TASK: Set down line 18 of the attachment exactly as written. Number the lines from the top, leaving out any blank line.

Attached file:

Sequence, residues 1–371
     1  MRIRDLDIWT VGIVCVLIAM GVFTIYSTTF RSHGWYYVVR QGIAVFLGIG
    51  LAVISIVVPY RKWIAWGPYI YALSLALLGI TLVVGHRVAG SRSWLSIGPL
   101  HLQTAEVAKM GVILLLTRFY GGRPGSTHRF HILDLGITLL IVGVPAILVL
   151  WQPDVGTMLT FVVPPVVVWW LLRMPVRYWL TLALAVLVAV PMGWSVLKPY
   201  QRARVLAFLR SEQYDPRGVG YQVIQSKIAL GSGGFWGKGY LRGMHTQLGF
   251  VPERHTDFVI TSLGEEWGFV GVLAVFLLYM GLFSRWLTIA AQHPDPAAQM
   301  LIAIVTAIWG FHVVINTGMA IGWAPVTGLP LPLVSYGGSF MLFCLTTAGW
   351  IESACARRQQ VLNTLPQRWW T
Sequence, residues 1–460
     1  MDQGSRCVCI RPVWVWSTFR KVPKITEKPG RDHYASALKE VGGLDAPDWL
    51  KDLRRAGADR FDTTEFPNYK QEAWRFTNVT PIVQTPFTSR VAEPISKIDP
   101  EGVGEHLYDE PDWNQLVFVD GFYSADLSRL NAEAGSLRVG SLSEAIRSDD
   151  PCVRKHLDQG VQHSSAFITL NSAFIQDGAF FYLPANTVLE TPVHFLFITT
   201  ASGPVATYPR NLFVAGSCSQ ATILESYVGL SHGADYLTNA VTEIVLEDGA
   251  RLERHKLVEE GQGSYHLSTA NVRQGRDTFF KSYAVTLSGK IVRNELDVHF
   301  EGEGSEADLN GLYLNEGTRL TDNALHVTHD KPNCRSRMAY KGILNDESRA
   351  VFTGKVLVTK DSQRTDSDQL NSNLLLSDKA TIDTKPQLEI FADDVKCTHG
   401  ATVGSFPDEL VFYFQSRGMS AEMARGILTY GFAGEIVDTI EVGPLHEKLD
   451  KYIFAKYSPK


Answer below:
   351  VFTGKVLVTK DSQRTDSDQL NSNLLLSDKA TIDTKPQLEI FADDVKCTHG